These words are awful because they imply to the reader that we don’t know what we’re talking about. All writing is argument. We write to convince people of our point of view. If we’re not sure about something, then we don’t have a point of view. Why are we writing?

These words are awful because they convey false neutrality. We like to use them interchangeably. In reality, they are all value judgments. They imply we have done serious reflection and assigned something to one of three categories. Do we define those categories, and what makes something “probable” vs. “possible” vs. “perhaps”? Very, very rarely. Too often — and I’m guilty of this too — we simply use them as synonyms. Moreover, why include something in our writing that doesn’t pass muster with us, the experts? See above.

Leg 2: Style

Style is that quality that makes a piece of writing unique to the writer. A writer with style can take a topic and write it in a way that mirrors nobody else.

This doesn’t have to mean flashy or overwrought. Read an essay by E.B. White (like “Death of a Pig” or “Farewell, My Lovely“) and note his casual eloquence. Read anything by Mark Twain, or by Ernest Hemingway, or by H.L. Mencken. Each has a style and a voice all his own. They may favor more or less complex sentences and grammar, topics from the homespun to the political to the fantastic, but they build their writing on concrete phrases, careful word choice, and fresh imagery.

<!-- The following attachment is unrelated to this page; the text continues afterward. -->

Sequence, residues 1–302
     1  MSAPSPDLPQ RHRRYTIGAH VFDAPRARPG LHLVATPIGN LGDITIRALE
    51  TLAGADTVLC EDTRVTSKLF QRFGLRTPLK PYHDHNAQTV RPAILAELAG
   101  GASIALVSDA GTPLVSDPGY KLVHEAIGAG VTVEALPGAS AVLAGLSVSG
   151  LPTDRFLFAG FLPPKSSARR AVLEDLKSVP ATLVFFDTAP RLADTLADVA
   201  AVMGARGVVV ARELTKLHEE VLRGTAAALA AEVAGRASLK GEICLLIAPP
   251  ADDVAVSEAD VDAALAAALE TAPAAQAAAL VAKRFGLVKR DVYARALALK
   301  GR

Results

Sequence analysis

As readers, we enjoy being presented with novel things. Zinsser (2001) puts it well in noting that people don’t stop reading something because it’s too good or because it doesn’t read like anything they’ve ever seen before. Fresh and novel = good.

Cultivating a style and voice is an asset to our writing. It comes through practice, and through channeling how we naturally talk into how we write. Think about how you talk about something that you’re passionate about. Maybe it’s homebrewing: You have strong feelings about the best kind of beer to make, you are willing to argue for one type of hops over another, and you have a deep knowledge of the various ways to sparge and an evangelical need to convince your fellow homebrewers that your method is right. Moreover, you wouldn’t phrase and present your diatribes passionate arguments about homebrewing the same way as any of your fellow brewers because of your unique position and life experiences.

When we’re  passionate about our writing topic, that passion and style comes through in our writing.